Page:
I just believed what they told me. Because I was a kid!
The Christian Scientists I grew up around all pretty much disappeared the moment my mother drowned in her own bed of a mysterious lung condition after a long period of radical reliance. I can’t say I ever really missed them, though a ‘sorry’ would have been nice.
Some of the people from her church came to the funeral. They avoided me for as much of it as they could, and left as soon as it finished. I never saw or heard from any of them ever again, despite the fact I had known all of them for years, I was a teenager, and they all knew I was then left on my own.
I had tried to stage a sort of adolescent intervention in my mother’s Christian Science treatment. Her best friend was also a Christian Science practitioner, and a fairly big lifelong contributor towards my mother’s reliance on ‘Science’. My mother looked on her as a sort of contemporary Mary Baker Eddy. Of some indeterminate late age, she was a bustling dynamo of a woman who arrived in the middle of a situation, then strode around setting everyone straight and bullying them into ‘Divine Mind’ for their own good. The idea of criticising this woman was almost tantamount to blasphemy, so I was surprised that I would be granted an audience about the issue with my mother present. I stupidly thought it was because we were actually going to talk about my mother’s failing health and devise a plan for managing it.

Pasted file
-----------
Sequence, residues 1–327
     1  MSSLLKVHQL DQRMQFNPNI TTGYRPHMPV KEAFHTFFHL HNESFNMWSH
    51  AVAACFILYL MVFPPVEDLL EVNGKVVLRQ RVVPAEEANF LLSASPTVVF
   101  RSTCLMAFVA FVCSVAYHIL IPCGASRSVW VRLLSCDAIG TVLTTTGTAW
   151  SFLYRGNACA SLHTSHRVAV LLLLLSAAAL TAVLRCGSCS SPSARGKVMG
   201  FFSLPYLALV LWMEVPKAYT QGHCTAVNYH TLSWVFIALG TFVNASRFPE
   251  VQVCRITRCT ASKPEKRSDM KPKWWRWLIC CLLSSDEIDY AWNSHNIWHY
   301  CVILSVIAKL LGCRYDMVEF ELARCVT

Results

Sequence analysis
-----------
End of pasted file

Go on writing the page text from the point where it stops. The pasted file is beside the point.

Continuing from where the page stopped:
This meeting with them—where I wanted it to be agreed that she needed to see a doctor—dawned, and I went down from my bedroom with suddenly sweating palms and hammering heart, and this woman just ran rings around me and made me feel about two inches tall. She turned all my carefully planned arguments back at me and by the end of it I wasn’t even sure if the sky was blue and grass green. To cap it off, it was implied that the lack of a healing might be due to my negative thinking. Actually to really cap it off, she finished up with explaining that our family’s poverty was down to my laziness in not applying Christian Science better and that I was now ‘in charge of the finances’ and that she expected to see results from me because it was unfair that my mother had to deal with a physical healing and a situational one while I did nothing. I left meekly agreeing that I would and feeling terrible at my own selfishness. For every day after that until my mother’s death, I felt our poverty and her ill health was my fault. I was thirteen.
I sometimes wonder what I would say to her, or them, now. I would like to give them a piece of my mind, to be honest. I had an absolutely horrible time growing up in Christian Science, and none of it was my fault. I just believed what they told me. Because I was a kid!
There was another group of friends that that my mother had made comparatively very recently through an evening class, who all turned out to the funeral and the wake and all showered me with offers of help if I needed. It was actually the first time I began to understand that people who weren’t in Christian Science were generally a lot nicer and more human than people who were.